Yesterday, as Twitter followers will know, I spent the morning at a press conference at the British Library. This summer they are putting on a major free exhibition called “Out of this World: Science Fiction but not as you know it”. You can see their press release here.
The title is a bit cheesy, but there is a reason for it. The BL people have noticed that they have a lot of books that look like science fiction to them but which often get described as “not science fiction” by people who want to enforce ghetto boundaries. The exhibition takes aim at this silliness by presenting a broad view of science fiction, taking in authors such as Thomas More, Mary Shelley, Rudyard Kipling and George Orwell as well as HG Wells, Phil Dick, Sir Arthur and a lot of contemporary authors.
The exhibition is sponsored by Discovery who will be showing a number of science fact and fiction shows over the summer to coincide with the event. The Science Fiction Foundation has been closely involved with providing material, and Andy Sawyer of Liverpool University is the guest curator. People such as John Clute have provided a number of books from their private libraries (and I have an interview with Clute discussing this which will appear in Salon Futura before the exhibition opens).
Which reminds me, dates: May 20th – September 25th.
In addition there will be a number of special events featuring cool people. Here’s the list so far:
- China Miéville (20 May);
- Iain M Banks (31 May);
- David Lodge and Stephen Baxter (8 June);
- Audrey Niffenegger (10 June);
- Michael Moorcock, Brian Aldiss (21 June)
And the one I really want to see but have already committed to be elsewhere that day:
Musicians George Clinton and Nona Hendryx will talk about the science fiction influences on their lavish stage shows and albums, and a remarkable night of futuristic music on 17 June will see The Radio Science Orchestra and Global Communication perform live at the Library.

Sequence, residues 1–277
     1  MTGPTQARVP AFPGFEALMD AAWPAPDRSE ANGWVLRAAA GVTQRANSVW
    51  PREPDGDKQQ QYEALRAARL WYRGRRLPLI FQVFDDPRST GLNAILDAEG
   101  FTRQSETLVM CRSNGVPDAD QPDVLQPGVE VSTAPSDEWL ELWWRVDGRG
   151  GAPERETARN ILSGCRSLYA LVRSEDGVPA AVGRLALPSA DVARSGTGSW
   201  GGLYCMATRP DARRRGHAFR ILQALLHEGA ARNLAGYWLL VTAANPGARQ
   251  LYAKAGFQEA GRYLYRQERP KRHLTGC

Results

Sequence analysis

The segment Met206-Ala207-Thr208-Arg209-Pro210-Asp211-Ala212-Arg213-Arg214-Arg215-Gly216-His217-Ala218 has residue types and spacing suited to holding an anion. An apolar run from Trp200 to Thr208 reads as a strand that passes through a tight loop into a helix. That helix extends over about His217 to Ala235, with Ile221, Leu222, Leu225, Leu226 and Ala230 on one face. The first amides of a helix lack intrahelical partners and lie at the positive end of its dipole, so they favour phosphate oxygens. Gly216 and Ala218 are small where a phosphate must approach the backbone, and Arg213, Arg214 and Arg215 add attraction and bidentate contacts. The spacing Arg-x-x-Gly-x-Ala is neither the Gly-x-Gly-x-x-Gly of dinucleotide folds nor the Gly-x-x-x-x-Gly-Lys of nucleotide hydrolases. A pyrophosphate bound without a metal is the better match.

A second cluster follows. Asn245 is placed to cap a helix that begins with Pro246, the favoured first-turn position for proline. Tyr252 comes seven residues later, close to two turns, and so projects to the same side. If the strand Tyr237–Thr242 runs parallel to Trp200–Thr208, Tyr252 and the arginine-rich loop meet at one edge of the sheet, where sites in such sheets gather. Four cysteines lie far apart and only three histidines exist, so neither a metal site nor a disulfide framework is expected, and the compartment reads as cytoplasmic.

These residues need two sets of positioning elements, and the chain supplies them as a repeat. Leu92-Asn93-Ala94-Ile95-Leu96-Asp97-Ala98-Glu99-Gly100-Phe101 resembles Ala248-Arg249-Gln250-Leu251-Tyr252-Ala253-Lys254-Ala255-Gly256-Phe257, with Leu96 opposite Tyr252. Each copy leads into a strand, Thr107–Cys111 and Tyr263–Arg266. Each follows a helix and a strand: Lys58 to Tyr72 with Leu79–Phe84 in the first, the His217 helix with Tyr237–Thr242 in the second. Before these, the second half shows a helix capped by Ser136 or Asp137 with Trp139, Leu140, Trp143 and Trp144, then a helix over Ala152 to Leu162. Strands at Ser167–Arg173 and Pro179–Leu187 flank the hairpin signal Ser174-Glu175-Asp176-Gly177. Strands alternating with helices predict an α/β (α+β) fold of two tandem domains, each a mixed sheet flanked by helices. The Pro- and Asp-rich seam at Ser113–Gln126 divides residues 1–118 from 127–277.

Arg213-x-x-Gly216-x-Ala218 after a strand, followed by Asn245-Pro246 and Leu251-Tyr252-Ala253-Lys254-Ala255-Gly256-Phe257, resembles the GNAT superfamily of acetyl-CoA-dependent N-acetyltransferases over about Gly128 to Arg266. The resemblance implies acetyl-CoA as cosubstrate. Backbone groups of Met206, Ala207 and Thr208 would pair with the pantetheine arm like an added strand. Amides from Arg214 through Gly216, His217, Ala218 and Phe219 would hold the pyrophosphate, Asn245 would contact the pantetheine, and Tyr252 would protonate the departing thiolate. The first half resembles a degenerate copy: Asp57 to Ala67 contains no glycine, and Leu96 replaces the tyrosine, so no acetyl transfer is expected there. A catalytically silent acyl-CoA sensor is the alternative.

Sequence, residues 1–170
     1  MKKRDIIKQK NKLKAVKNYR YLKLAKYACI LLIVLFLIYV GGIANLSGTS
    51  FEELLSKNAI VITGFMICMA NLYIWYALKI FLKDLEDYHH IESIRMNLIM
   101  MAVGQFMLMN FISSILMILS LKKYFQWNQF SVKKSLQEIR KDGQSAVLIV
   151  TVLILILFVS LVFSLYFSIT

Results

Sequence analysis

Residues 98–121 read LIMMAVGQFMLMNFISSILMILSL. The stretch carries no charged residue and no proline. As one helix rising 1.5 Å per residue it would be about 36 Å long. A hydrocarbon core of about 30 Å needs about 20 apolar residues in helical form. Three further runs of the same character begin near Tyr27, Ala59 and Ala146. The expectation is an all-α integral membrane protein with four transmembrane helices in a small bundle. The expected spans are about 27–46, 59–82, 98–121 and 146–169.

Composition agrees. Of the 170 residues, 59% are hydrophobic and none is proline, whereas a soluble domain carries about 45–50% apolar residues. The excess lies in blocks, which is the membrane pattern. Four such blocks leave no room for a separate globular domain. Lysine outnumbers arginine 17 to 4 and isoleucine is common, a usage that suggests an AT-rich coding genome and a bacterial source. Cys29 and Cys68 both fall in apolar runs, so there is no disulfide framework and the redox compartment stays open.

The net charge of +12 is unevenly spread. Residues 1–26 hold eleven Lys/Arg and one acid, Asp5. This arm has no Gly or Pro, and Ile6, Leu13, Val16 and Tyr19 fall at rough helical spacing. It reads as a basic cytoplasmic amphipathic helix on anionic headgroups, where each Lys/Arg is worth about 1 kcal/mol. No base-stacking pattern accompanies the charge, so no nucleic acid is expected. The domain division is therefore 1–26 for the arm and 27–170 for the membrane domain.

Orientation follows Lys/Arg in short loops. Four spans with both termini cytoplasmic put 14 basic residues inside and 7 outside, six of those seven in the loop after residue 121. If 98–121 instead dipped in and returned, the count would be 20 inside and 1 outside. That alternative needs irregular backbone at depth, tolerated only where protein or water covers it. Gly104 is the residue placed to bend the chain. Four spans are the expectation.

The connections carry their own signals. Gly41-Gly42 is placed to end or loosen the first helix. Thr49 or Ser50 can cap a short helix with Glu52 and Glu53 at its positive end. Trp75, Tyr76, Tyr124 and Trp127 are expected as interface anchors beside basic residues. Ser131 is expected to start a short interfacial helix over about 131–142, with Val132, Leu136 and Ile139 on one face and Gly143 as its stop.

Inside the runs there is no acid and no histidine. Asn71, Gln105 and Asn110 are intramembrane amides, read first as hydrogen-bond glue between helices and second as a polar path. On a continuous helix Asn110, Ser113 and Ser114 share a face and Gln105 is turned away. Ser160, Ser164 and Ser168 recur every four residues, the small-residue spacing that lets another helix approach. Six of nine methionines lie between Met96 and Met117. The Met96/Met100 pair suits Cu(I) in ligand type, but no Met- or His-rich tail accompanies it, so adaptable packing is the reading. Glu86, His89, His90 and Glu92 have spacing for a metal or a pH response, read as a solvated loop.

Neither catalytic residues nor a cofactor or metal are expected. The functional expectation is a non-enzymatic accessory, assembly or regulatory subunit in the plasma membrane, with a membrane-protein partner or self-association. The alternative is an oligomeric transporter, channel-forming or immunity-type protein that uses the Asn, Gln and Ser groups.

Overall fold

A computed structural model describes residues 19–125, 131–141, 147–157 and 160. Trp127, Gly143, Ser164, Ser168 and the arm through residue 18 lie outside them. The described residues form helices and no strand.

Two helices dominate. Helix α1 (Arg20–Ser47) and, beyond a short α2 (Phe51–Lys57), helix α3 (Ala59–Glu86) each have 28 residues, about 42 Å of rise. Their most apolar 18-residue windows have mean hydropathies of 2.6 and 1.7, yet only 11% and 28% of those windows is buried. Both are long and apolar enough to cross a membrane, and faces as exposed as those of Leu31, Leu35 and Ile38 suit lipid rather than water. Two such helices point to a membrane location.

Of course, this being the British Library, pride of place will go to many wonderful old books, some of which I was lucky enough to see yesterday. I am particularly fond of Francis Godwin’s The Man in the Moone (1638) in which our hero, Domingo Gonsales, takes flight in a strange contraption drawn by geese. Godwin, a graduate of Christchurch, Oxford, held the posts of Bishop of Llandaff and Bishop of Hereford during life. In the book he states he is basing his story on Copernican principles and manages a reasonable guess at the idea of gravity well before Newton worked it all out. Goose-powered space ships might seem quaint to us, but Godwin is clearly a kindred spirit to the likes of Asimov and Clarke.
There’s load of other seriously cool old stuff as well. Hopefully a fair few of you will be able to get to see it.
Twitter followers may have noticed that the presentation yesterday focused almost exclusively on male authors, Shelley being the only woman mentioned. There were also no women presenters featured in Discovery’s trailer. For the really old stuff this is understandable, but that’s no reason to apply the same filters today. The BL people have assured us that there will be some women authors featured in the exhibition (see Niffenegger above, for example). However, next time I get told that an event can’t be sexist because while all of the people out front getting the glory are men, most of the people labouring behind the scenes to make it happen are women, I think I shall hit someone.